GOP challenger Don Coram says Rep. Boebert has zero accomplishments in Congress |

GOP challenger Don Coram says Rep. Boebert has zero accomplishments in Congress

Don Coram, Republican primary candidate for the 3rd Congressional District challenging incumbent Lauren Boebert, visits Craig Daily Press on Tuesday.
Amber Delay/Craig Press

Don Coram, a Republican primary challenger in the 3rd Congressional District, stopped in on Moffat County for a visit Tuesday morning.

Coram is a Montrose native who grew up in the ranching and mining industries of the Western Slope. He announced his campaign against U.S. Rep. Lauren Boebert in January.

Coram is currently serving as a member of the Colorado Senate for District 6 encompassing Archuleta, Dolores, La Plata, Montezuma, Montrose, Ouray, San Juan and San Miguel counties. Redistricting in the state will unseat Coram from his current role, prompting his run against Boebert to represent the 3rd District.

Prior to serving in the Colorado Senate, Coram served in the Colorado House, representing District 58, which includes Montrose, San Miguel, Dolores and Montezuma counties.

“I am a true maverick,” Coram said. “My politics are very much like my driving, I crowd the centerline. There are sometimes I cross over it, but mostly I am a centrist.”

Since announcing his campaign to run against Boebert in the primaries, the two politicians have gone head to head. Boebert even published a website dedicated to criticizing Coram’s voting record.

According to Coram, he has been criticized for his legislation around hemp, but he said that after Amendment 64 was passed in 2012, there needed to be additional legislation to regulate the hemp industry.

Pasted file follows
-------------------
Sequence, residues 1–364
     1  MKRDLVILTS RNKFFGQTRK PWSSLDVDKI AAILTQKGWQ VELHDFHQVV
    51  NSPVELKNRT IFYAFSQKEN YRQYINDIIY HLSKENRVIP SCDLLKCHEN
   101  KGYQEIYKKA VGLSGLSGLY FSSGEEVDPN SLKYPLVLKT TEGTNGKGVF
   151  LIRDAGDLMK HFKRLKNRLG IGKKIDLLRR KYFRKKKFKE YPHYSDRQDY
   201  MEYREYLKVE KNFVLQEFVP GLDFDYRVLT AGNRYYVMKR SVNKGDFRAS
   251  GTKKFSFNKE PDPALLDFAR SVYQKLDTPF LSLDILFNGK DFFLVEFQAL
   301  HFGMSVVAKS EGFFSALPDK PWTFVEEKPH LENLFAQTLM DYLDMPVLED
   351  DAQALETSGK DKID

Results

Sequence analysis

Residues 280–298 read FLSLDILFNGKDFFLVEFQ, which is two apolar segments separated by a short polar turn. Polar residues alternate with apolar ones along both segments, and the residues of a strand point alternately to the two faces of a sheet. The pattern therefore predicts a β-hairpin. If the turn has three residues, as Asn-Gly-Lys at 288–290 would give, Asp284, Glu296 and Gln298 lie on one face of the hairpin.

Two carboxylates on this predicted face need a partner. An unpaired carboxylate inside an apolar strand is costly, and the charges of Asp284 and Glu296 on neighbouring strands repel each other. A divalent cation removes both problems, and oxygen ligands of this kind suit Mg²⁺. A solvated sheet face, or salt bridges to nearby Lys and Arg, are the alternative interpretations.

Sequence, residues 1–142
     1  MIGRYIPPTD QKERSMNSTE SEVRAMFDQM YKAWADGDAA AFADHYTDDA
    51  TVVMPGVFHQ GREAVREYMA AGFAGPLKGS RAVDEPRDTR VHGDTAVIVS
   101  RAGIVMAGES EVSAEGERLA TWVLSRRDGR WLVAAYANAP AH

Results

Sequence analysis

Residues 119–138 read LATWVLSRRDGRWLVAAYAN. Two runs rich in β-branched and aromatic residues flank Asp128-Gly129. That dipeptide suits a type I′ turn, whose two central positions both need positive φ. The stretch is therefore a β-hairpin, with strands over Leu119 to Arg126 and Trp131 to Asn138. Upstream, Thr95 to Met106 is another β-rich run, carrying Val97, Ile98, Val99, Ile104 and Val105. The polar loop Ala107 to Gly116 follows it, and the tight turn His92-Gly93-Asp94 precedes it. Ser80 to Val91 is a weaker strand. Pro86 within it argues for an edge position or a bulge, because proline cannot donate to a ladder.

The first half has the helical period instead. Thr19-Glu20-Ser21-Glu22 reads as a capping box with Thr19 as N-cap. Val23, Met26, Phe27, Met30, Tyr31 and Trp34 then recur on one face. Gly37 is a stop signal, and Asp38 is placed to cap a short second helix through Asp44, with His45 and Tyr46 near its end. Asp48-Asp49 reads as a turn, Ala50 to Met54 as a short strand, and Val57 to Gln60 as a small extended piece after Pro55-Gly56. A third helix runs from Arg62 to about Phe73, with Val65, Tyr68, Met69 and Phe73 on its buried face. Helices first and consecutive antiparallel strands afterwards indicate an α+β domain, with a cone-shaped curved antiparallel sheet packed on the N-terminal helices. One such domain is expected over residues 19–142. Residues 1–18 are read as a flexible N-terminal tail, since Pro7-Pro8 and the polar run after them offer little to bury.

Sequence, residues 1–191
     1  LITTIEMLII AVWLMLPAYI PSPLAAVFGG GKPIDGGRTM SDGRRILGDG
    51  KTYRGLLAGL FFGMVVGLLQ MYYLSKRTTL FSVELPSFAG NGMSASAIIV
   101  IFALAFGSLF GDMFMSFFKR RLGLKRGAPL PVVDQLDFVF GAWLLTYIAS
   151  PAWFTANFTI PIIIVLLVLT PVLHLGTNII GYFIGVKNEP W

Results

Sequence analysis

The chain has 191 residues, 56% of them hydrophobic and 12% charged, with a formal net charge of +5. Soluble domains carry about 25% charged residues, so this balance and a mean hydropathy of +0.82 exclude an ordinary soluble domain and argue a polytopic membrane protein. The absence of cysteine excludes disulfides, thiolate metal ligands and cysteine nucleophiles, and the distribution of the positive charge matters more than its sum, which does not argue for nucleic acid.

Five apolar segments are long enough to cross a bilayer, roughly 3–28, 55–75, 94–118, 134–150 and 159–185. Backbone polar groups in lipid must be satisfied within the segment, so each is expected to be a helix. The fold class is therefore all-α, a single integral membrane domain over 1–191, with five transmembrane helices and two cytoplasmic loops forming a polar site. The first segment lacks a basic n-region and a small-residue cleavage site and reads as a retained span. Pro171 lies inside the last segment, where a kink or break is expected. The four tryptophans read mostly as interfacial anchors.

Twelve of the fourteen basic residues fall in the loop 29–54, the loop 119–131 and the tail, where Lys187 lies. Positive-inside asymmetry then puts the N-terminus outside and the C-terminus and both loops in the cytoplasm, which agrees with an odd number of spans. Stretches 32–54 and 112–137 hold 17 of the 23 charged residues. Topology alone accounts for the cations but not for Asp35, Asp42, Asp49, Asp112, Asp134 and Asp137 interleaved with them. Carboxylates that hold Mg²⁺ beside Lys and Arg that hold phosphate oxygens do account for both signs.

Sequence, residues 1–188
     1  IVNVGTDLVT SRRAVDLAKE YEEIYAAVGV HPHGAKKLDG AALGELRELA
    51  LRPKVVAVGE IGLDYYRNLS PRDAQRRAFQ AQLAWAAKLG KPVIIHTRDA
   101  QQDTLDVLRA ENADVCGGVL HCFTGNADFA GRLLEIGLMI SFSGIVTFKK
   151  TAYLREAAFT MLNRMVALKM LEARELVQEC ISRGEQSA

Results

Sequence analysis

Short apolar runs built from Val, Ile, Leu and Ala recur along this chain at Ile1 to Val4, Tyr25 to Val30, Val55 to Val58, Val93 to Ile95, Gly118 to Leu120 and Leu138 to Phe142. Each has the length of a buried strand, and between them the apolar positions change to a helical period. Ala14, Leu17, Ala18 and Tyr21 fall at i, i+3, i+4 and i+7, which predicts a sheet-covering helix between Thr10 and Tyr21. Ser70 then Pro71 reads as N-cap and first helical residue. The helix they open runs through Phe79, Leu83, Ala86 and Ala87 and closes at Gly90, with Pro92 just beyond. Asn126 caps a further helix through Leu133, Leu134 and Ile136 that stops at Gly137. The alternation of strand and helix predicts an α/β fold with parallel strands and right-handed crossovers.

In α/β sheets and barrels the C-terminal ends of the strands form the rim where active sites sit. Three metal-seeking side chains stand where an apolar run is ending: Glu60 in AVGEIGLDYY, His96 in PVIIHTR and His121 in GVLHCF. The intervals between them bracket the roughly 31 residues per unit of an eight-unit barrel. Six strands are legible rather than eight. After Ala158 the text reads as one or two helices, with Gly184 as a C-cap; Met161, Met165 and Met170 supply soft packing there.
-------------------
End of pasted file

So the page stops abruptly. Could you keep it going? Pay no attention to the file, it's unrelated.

Coram has been accused of profiting from the hemp legislation, but he responded that he is a partner in a small six acre hemp production and has always been more interested in the crop for its textile potential.

Coram has also been criticized for his legislation on immigration, as he supported a bill to allow immigrants to obtain a driver’s license.

“If they are here working legally, they should be able to get a driver’s license and insurance,” Coram said.

According to Coram, Boebert has made a lot of talk but has zero accomplishment during her time in Congress. Coram said that Boebert has introduced several bills, none of which have been passed.

“Success is very important to me,” Coram said.

Coram said that over his career, he has gotten several bills signed by the governor across every subject that affect rural communities.

“It’s all about building coalitions and getting things done,” Coram said.

Boebert’s team did not respond to a request for comment.

Among the many concerns Coram has for the 3rd District, including issues around agriculture and mining, Coram said he has deep concerns about the extremist politics on the fringes of the primary political parties.

“All we hear from the extremes is prompting hate and rhetoric,” Coram said. “That’s not going to get the job done.”

Coram said creating relationships between parties is the best way to move forward with bipartisan policies that are good for the community.

“I am about unity and representing everyone,” Coram said. “The other party is not the enemy.”

Coram said that extremist politics have changed the face of the Republican party as he used to know it, and it makes it extremely difficult to get things done.

“We are meeting with people of all walks of life and having some great conversations,” Coram said. “That’s how we build a government. I believe in local control.”

The first of two in-person debates between Coram and Boebert was held in Ignacio in May. The date for the Colorado primaries is June 28.

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